Tuesday, June 4, 2013

Zoo News Digest 2nd - 4th June 2013 (ZooNews 854)

Zoo News Digest 2nd - 4th  June 2013 (ZooNews 854)

P. Tansom - Traffic


Dear Colleagues,

Very disappointed to see that the Tiger Kingdom is opening a branch in Phuket. In spite of all the hype and dressing this will be yet another branch of a highly exploitative purely commercial operation that does nothing at all for conservation. Like the Chiang Mai operation it will make buckets of money.

The story 'Killer tiger on the loose, prowling forest in India after zoo escape' is a prime example of why you should not believe the press. This tiger has killed nobody. In fact it is a mix of stories. What was the journalist drinking?

Putting Lynx into Scotland? I'm unsure about that one. Interesting idea. I cannot see why the author had to take the opportunity to dig at Edinburgh Zoo which has no relevance to the story.

VERY IMPORTANT (I will repeat this several times over coming weeks as I know some people do not read every issue)- After several years my postal address has changed. It is now:

Peter Dickinson
Suite 201,
Westminster Chambers
7 Hunter Street

I remain committed to the work of GOOD zoos, not DYSFUNCTIONAL zoos.


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Conservation charity vets head to Thailand following the largest ever seizure of ploughshare tortoises – the most threatened tortoise in the world.

This week Tsanta Fiderana, Malagasy veterinary officer for Durrell Wildlife Conservation Trust will travel to Bangkok on behalf of the Madagascar CITES management body as part of a joint mission with Dr. Paul Gibbons and Maurice Rodrigues of the Turtle Conservancy to assess the health of ploughshare tortoises recently trafficked out of Madagascar in a suitcase.  In addition to tending to the health of the confiscated tortoises, the team will also be creating new enclosures that can be used for future confiscations of turtles and tortoises.  

The ploughshare is the most threatened tortoise in the world and is listed as Critically Endangered on the IUCN Red List and is on Appendix 1 of the Convention on International Trade in Endangered Species (CITES), forbidding any trade in the species. However the tortoise is highly prized as a pet, especially in South East Asia, and illegal trade is now the biggest threat to the species’ survival.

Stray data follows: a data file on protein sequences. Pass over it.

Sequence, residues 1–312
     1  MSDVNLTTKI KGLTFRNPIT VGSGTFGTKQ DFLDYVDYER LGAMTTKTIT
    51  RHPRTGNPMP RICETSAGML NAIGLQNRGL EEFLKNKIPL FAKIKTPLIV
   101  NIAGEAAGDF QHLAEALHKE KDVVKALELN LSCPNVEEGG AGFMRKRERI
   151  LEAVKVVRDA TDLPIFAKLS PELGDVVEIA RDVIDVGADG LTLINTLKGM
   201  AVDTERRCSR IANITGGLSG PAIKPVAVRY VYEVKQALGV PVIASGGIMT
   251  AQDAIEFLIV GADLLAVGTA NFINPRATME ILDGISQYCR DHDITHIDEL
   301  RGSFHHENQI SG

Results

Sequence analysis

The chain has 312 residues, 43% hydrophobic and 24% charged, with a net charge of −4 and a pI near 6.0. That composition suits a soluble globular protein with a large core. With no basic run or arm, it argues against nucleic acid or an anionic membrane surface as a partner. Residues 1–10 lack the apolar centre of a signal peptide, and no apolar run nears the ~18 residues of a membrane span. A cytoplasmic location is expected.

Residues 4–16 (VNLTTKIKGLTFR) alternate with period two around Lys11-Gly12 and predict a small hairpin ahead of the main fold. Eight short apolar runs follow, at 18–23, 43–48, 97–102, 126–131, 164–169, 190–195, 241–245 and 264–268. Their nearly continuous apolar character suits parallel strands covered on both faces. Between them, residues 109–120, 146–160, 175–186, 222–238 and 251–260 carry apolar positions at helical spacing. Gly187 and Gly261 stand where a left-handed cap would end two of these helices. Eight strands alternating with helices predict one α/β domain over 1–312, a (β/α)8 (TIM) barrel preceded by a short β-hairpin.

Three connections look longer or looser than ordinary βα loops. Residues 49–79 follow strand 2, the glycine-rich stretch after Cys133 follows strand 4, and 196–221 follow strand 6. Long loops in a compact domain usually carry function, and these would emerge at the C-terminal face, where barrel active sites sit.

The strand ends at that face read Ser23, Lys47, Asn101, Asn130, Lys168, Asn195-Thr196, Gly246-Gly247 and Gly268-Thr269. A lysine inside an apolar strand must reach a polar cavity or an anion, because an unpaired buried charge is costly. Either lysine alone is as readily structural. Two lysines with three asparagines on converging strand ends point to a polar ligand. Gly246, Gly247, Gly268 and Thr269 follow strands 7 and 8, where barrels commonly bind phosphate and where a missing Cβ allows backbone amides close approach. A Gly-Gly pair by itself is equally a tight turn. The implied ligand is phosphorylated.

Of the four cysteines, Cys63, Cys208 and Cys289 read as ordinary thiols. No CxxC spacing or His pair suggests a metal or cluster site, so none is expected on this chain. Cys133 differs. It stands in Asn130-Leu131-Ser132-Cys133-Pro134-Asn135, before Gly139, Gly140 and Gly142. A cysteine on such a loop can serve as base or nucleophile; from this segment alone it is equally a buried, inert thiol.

Fifty-four ploughshare tortoises and 21 radiated tortoises were found by Thai police in a suitcase at Bangkok International Airport on 15th March 2013.  This is the largest ever seizure of ploughshare tortoises made up of 53 juveniles and one sub-adult tortoise.  A Thai man and a Malagasy woman were arrested.

Since their seizure in Bangkok, they have been kept at a rescue centre, where it is difficult to provide the specific conditions they need. The tortoises are reported to be in poor health and there have been a number of deaths most likely due to the inadequate care they received from smugglers during the long journey from their home in north-western Madagascar.

Fiderana is hugely experienced in caring for sick ploughshare tortoises. As well as being responsible for ensuring the health of the tortoises in the captive breeding and reintroduction programme Durrell runs for the Malagasy government, she also cares for confiscated animals placed in quarantine with Durrell.

Dr. Paul Gibbons and Maurice Rodrigues both have extensive experience with tortoise husbandry and veterinary care.  In addition to partnering with Durrell on their work with ploughshare tortoises in Madagascar, the Turtle Conservancy also maintains an assurance colony of ploughshares at their captive breeding centre in the US. 

Fiderana explained: “After smuggling attempts the tortoises are often very sick and in a state of shock, so they need special care. We don’t know what sort of conditions and treatment they experienced during their journeys, and they may have been exposed to diseases and parasites. My first priority when I get to Thailand is to work with the Thai veterinary team and our partners the Turtle Conservancy to evaluate the health of the tortoises through a thorough examination, and then to give them the care they need to re-establish their health.”